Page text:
Real time neutron diffraction and NMR of the Empress II glass-ceramic system


Objective. This study reports real time neutron diffraction on the Empress II glass-ceramic system.

Methods . The commercial glass-ceramics was characterized by real time neutron diffraction, 31 P and 29 Si solid-state MAS-NMR, DSC and XRD.

Results. On heating, the as-received glass ceramic contained lithium disilicate (Li 2 Si 2 O 5 ), which melted with increasing temperature. This was revealed by neutron diffraction which showed the Bragg peaks for this phase had disappeared by 958 °C in agreement with thermal analysis. On cooling lithium metasilicate (Li 2 SiO 3 ) started to form at around 916 °C and a minor phase of cristobalite at around 852 °C. The unit cell volume of both Li-silicate phases increased linearly with temperature at a rate of +17 × 10 −3 Å 3 .°C −1 . Room temperature powder X-ray diffraction (XRD) of the material after cooling confirms presence of the lithium metasilicate and cristobalite as the main phases and shows, in addition, small amount of lithium disilicate and orthophosphate. 31 P MAS-NMR reveals presence of the lithiorthophosphate (Li 3 PO 4 ) before and after heat treatment. The melting of lithium disilicate on heating and crystallisation of lithium metasilicate on cooling agree with endothermic and exotermic features respectively observed by DSC. 29 Si MAS-NMR shows presence of lithium disilicate phase in the as-received glass-ceramic, though not in the major proportion, and lithium metasilicate in the material after heat treatment. Both phases have significantly long T 1 relaxation time, especially the lithium metasilicate, therefore, a quantitative analysis of the 29 Si MAS-NMR spectra was not attempted.

Significance. The findings of the present work demonstrate importance of the commercially designed processing parameters in order to preserve desired characteristics of the material. Processing the Empress II at a rate slower than recommended 60 °C min −1 or long isothermal hold at the maximal processing temperature 920 °C can cause crystallization of lithium metasilicate and cristobalite instead of lithium disilicate as major phase.


Lithium aluminosilicate glass-ceramics (GCs) have been studied extensively and have many important technological applications . Lithium silicate glasses have been shown to phase separate into silica rich droplet and lithia rich matrix phases on heat treatment. Adding phosphate to this system increases the number and volume fraction of the silica-rich droplets and P 2 O 5 has been used as a nucleating agent in a number of glass-ceramic system. Presence of network modifiers such as the Li + ion promotes formation of a separate phosphate phase due to the incompatibility of the PO 4 units in the silicate structure. The separate orthophosphate phase, charge balanced by lithium, may crystallise at low temperatures, e.g. to a phase such Li 3 PO 4 , catalysing heterogeneous nucleation of higher temperature phases such as lithium metasilicate by an epitaxial growth process. As a crude rule epitaxial growth is possible if at least one of the lattice parameters (within an integer multiple ±15%) of each of the two phases are integer multiples of one another. Two of the lattice parameters fit this criteria for the Li 3 PO 4 –Li 2 Si 2 O 5 unit cells: <SPAN role=presentation tabIndex=0 id=MathJax-Element-1-Frame class=MathJax style="POSITION: relative" data-mathml='aLi3PO4=aLi2Si2O5+8%’>aLi3PO4=aLi2Si2O5+8%aLi3PO4=aLi2Si2O5+8%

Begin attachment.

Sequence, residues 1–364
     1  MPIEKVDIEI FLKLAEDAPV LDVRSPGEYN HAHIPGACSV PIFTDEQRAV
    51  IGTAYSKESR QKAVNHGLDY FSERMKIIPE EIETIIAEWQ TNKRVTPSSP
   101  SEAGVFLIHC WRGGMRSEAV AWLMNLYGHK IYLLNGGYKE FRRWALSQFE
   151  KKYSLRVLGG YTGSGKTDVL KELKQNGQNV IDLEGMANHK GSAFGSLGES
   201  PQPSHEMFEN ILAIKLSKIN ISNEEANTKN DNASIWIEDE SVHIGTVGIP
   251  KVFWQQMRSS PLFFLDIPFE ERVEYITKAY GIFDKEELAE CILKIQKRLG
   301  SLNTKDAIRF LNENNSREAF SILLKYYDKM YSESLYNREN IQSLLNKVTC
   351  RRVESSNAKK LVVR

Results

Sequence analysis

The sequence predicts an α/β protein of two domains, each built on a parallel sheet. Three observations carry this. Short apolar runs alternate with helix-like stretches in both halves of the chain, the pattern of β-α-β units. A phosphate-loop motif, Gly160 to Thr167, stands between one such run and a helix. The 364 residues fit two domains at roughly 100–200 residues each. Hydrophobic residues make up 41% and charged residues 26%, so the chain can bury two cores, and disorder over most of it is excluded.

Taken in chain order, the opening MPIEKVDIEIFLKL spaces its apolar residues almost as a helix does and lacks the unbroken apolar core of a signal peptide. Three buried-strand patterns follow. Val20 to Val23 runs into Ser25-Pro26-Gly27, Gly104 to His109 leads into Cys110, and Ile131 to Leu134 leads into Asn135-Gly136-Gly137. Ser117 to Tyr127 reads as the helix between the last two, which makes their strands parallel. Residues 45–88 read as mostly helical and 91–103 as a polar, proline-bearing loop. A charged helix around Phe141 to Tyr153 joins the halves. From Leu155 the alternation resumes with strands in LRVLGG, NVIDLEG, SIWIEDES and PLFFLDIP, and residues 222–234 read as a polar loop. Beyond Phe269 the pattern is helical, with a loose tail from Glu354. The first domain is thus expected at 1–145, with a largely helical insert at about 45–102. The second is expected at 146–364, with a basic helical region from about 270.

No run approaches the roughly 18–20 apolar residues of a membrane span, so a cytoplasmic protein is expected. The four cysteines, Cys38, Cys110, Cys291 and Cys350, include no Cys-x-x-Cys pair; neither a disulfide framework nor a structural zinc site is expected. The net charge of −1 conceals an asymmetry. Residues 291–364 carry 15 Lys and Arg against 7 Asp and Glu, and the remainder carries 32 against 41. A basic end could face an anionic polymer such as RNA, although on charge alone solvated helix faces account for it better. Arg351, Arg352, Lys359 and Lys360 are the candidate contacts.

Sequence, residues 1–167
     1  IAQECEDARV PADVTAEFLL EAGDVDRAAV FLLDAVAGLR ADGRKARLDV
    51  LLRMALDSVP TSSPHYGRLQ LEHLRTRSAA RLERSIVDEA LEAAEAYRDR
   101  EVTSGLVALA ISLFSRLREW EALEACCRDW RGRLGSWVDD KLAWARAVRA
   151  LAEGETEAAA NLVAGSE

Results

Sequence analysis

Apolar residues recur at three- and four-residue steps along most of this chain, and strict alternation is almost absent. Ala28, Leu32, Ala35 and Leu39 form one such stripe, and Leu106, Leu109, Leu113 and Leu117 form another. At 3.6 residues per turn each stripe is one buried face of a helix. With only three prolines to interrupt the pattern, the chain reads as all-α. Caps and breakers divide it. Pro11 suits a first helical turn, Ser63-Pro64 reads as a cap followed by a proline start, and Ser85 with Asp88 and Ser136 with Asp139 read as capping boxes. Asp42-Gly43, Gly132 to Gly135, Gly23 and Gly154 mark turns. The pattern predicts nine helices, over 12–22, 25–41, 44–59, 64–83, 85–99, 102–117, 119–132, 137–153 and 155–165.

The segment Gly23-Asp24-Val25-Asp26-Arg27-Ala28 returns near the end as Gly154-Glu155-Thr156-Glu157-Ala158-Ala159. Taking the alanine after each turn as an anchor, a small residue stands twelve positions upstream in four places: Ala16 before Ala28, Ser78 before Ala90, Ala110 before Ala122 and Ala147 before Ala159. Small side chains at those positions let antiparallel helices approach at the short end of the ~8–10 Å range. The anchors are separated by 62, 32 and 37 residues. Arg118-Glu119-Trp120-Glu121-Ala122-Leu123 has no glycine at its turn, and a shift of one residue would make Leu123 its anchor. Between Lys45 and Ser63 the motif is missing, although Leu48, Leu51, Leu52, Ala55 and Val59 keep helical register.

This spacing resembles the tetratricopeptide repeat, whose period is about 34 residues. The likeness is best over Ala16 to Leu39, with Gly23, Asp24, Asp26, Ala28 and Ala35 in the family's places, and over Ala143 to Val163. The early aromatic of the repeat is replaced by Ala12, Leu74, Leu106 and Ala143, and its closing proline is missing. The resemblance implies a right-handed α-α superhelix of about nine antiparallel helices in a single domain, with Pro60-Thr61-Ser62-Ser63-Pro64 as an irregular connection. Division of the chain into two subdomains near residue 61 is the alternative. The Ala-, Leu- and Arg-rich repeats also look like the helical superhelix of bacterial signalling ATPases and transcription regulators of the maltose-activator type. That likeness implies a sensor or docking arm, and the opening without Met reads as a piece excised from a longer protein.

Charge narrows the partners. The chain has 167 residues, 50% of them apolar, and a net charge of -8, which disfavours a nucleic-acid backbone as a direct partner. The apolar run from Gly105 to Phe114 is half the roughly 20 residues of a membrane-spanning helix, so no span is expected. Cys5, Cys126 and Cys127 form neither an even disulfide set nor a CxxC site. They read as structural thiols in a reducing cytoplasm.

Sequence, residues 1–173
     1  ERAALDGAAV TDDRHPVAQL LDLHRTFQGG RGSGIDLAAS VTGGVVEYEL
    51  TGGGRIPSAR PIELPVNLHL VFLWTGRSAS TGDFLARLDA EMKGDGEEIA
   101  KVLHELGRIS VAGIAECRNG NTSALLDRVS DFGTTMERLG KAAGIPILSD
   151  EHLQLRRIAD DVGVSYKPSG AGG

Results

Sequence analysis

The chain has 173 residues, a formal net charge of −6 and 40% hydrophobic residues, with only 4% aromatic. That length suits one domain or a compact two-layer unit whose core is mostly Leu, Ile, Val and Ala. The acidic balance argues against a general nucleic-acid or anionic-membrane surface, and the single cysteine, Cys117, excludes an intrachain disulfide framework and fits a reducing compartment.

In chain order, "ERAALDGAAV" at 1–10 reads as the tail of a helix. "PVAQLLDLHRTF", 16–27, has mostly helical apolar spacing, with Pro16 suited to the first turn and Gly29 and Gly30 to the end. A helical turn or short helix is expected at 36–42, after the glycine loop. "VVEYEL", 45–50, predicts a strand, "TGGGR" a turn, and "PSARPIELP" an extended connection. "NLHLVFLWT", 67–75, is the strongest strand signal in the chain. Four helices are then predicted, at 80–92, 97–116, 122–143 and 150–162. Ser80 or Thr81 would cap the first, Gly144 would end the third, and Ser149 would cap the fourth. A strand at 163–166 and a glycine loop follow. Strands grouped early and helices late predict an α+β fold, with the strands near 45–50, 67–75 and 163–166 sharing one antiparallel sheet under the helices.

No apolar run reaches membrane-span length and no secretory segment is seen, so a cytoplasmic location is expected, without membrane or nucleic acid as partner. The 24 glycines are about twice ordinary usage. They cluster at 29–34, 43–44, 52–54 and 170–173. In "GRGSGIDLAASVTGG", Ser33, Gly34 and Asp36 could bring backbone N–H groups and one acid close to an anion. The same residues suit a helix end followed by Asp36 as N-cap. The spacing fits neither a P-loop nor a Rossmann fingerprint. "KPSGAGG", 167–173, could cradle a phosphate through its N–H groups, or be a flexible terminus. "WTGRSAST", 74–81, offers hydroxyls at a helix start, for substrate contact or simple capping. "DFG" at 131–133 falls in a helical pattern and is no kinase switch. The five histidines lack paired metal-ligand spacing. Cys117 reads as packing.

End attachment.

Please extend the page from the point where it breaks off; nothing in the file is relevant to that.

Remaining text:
a Li 3 PO 4 = a Li 2 Si 2 O 5 + 8 %
and <SPAN role=presentation tabIndex=0 id=MathJax-Element-2-Frame class=MathJax style="POSITION: relative" data-mathml='cLi2Si2O5=3cLi3PO4−3%’>cLi2Si2O5=3cLi3PO43%cLi2Si2O5=3cLi3PO4−3%
c Li 2 Si 2 O 5 = 3 c Li 3 PO 4 − 3 %
. The lithium disilicate crystal phase mentioned above gives rise to the excellent mechanical properties described below which are extremely important in dental applications for restorative materials used to replace oral calcified tissue. The high fracture toughness and flexural strength arise from the high aspect ratio of the interlocking Li 2 Si 2 O 5 crystals .

Empress II is an extrudable and machinable lithium disilicate dental glass-ceramic developed by Ivoclar Vivadent AG, Lichtenstein. Empress II exhibits superior mechanical and chemical properties compared to the first generation, leucite-based, Empress system . The fracture toughness (400 MPa) and flexural strength (3.3 MPa m 1/2 ) of Empress II is equivalent, or superior to, human dentin (160 MPa and 1.6–2.6 MPa m 1/2 respectively) . Table 1 gives the approximate chemical composition of the Empress II system . Glass-ceramic ingots are provided to dental surgeries pre-ceramed and consist of 70 vol.% lithium disilicate in a glassy matrix. The billets can be extruded to complex shapes at 920 °C in a custom built press-furnace . Previous studies have shown that in addition to lithium disilicate, other phases which crystallise in this system are lithium metasilicate, lithiophosphate (lithium orthophosphate) and cristobalite . It is claimed that lithium phosphate does not nucleate formation of silicate phase in Empress II. The Li 3 PO 4 and Li 2 Si 2 O 5 phases were found on treatment at high temperature, above 600 °C, whereas low temperature treatment, below 600 °C, produces only lithium metasilicate phase . Addition of Al 2 O 3 suppresses formation of cristobalite and lithium metasilicate after the recommended firing cycle . The purpose of this study is to examine in detail the crystallisation of Empress II with temperature using thermal analysis and real time neutron diffraction to heat the GC system above the dissolution temperature of any crystalline phases followed by cooling.

Nov 28, 2017 | Posted by in Dental Materials | Comments Off on Real time neutron diffraction and NMR of the Empress II glass-ceramic system
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